Careem Egypt Managing Director Wael Fakharany On The Transition From Google To Startup Life


I first met Wael Fakharany at BECO Capital’s Boost MENA conference in November last year, and though we spoke for only a few minutes then, I remember being quite taken in by the exuberance of his personality- it was this individuality that struck me again when I got to have a longer chat with him in December. It’s really quite easy to see Fakharany’s passion and drive for his role as the Managing Director for Careem in Egypt, and for those of you who follow his blog posts on Medium, I can confirm that he is every bit as hopeful and optimistic as his writing makes him out to be. Fakharany joined Careem after a nine-year stint at Google, and while the startup’s unicorn status hadn’t been declared at the time of our conversation Fakharany was quite emphatic that the four months he had spent with his new employer had been a “phenomenal” experience.

“When I stepped into this role, I never expected the kind of impact that I would have, and the kind of impact I would be able to do, you know, in [a matter of] weeks,” he says. “But this business keeps surprising me with some incredible opportunities.” Given its massive population, Egypt is an important market for Careem in the MENA region, and the company has been steadily growing its brand in the country, with its services now available in the six cities of Cairo, Alexandria, Damanhour, Mansoura, Tanta and Hurghada. It hasn’t been all smooth sailing though- Cairo, for instance, saw drivers of the country’s traditional “white” taxis protest against ride hailing apps like Careem for eating into their business. But in September, Careem delivered a feat of sorts when it announced the integration of 42,000 “white” taxis into its existing fleet- it was a move that clearly indicated Careem’s emphasis on being a truly local institution that is integrated with and contributes to the development of the overall ecosystem around it.

It is this mission that is also driving Careem’s new initiative with the country’s youth ministry, which Fakharany reveals will potentially see the two parties work together on “economically empowering 70,000 people in Egypt in 2017.” It’s an impressively ambitious initiative, of course, but Fakharany believes that it signals only the start of the positive impact that Careem could bring to the country’s population. “We are not an employer- they are not employees, they are independent contractors,” he says. “But having 70,000 people in the network, who you can economically empower and give either part-time or full-time income, is an incredible force in 6-8 months of the operation. And I think this is the tip of the iceberg. There are probably nine million people in the working age in Egypt who are looking for opportunities. And if we can economically empower a million of them, it’s just an incredible feeling. So, when I give you hope that your future is going to be better, your surroundings are going to be better. You are going to become bankable… You’re going to do upward mobility in the society… There’s this incredible virtuous circle that is created when you give people hope. So I couldn’t be more hopeful about 2017. I think 2017 will be a springboard for some phenomenal activities for Careem in Egypt, for sure.”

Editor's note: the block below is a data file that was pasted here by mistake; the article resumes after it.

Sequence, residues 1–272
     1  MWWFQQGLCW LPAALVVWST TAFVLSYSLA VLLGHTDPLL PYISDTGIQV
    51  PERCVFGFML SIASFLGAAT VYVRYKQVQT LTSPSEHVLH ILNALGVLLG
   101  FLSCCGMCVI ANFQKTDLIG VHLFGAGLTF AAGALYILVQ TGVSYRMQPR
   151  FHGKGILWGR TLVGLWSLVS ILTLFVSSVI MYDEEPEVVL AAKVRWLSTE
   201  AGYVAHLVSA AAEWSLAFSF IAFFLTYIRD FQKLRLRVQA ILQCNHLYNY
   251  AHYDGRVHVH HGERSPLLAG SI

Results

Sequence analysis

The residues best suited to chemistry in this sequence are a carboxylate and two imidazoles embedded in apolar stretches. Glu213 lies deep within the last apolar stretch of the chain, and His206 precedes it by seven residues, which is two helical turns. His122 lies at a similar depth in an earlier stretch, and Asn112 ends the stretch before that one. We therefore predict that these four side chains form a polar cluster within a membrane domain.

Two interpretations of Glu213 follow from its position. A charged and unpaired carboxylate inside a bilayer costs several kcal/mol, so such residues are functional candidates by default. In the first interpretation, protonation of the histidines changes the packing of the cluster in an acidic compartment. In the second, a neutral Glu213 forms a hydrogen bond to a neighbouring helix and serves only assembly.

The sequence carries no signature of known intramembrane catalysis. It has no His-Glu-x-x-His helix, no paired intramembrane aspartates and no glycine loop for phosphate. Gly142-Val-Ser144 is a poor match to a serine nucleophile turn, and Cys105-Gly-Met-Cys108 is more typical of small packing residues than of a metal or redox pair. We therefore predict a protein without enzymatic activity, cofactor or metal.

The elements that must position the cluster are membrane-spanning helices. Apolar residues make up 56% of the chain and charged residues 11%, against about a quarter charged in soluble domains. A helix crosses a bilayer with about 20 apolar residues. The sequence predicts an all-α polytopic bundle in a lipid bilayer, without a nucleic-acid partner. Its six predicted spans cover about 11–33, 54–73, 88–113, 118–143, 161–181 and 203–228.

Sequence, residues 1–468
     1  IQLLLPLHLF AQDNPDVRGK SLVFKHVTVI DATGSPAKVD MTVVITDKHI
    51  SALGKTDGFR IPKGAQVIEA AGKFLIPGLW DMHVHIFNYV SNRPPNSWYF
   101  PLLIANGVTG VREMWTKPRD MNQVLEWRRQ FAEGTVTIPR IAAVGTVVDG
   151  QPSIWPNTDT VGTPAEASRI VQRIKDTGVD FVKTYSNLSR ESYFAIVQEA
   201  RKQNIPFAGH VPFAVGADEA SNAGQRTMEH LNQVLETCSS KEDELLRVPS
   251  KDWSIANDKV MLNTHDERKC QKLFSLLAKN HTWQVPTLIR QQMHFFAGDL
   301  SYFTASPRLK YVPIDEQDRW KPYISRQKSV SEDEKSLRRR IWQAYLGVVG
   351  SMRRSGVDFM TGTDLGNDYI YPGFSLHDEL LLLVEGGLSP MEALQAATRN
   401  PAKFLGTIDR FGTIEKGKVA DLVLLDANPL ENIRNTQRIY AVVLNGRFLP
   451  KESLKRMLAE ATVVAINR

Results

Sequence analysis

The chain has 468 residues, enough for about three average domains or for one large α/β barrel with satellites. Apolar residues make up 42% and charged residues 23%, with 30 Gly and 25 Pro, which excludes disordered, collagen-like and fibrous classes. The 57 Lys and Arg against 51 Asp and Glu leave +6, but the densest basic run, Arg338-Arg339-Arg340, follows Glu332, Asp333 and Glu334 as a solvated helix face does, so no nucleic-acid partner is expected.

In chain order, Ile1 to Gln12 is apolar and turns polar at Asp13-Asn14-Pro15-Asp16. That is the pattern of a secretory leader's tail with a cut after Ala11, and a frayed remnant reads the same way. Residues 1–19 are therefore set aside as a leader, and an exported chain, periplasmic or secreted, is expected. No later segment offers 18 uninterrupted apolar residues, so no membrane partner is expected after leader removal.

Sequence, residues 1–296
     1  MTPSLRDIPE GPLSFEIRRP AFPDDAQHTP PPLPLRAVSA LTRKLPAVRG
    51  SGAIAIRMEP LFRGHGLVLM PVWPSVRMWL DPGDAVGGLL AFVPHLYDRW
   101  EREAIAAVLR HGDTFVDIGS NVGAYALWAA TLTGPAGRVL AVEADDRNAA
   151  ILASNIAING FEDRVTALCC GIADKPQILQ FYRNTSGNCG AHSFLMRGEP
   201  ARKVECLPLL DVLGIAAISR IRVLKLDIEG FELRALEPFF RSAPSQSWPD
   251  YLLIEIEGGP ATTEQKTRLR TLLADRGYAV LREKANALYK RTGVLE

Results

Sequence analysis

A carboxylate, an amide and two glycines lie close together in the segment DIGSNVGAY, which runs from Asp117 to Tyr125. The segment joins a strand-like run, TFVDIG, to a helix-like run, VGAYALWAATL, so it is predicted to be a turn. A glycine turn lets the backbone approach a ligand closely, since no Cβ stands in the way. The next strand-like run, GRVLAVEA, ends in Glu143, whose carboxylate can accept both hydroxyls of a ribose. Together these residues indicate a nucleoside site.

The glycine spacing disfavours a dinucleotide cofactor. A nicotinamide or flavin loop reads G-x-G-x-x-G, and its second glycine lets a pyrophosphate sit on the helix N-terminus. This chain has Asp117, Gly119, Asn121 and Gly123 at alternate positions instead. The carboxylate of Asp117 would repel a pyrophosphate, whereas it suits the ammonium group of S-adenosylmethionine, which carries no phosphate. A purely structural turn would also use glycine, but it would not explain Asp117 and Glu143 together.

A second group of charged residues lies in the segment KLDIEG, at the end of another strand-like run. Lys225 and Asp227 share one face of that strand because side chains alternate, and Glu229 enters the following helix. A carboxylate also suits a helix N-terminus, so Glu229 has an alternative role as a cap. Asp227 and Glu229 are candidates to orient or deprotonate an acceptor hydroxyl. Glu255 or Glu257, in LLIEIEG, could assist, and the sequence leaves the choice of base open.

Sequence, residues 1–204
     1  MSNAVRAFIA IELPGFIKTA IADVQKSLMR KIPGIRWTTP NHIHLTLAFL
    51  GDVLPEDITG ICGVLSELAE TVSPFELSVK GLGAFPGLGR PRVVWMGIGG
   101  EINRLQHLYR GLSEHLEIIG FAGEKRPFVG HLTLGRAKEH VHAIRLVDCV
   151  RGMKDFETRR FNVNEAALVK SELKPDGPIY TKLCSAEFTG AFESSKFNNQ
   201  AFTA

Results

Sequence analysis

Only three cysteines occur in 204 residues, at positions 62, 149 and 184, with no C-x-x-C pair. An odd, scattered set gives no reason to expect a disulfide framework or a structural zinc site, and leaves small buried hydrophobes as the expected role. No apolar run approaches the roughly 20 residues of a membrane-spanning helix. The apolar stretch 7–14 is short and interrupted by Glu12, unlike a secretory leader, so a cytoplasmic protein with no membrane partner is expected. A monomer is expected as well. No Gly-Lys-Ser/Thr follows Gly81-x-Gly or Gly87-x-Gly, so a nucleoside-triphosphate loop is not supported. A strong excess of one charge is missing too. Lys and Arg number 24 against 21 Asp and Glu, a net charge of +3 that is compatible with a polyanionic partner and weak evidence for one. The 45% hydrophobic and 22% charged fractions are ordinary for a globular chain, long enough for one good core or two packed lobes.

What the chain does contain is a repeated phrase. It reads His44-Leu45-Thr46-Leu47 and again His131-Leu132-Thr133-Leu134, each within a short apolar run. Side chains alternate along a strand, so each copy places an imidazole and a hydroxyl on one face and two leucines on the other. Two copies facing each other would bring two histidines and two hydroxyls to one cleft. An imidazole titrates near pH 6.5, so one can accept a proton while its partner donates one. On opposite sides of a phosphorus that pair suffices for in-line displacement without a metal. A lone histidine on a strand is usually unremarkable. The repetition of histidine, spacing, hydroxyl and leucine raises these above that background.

Hearing Fakharany speak, it becomes quite apparent that he shares a lot of the same corporate ideals as Careem co-founders Magnus Olsson, Mudassir Sheikha and Abdullah Elyas have professed to in the past, and he confirms that this factor indeed played a key role in his decision to move from Google to the startup. “First of all, the company has an incredible mission, which is to facilitate the lives of people, and build an awesome organization,” he explains. “And these are the guys I would like to work with, in that they are good, ethical, hardworking, fair, tough guys. You couldn’t expect more from a colleague, or a partner, or a boss… I think great leaders are people who are just good in creating other leaders, and [they] almost have no control over this. So you don’t do this by design- you do it by basically just empowering people, being nice and civil to people, and [being] authentic and doing the right thing… So, Magnus, Mudassir, Abdulla, the three co-founders, are people that I highly respect, and you want to be with them all the time, because they’re just good, kind, hardworking, tough, and fair people. You couldn’t ask for more.”

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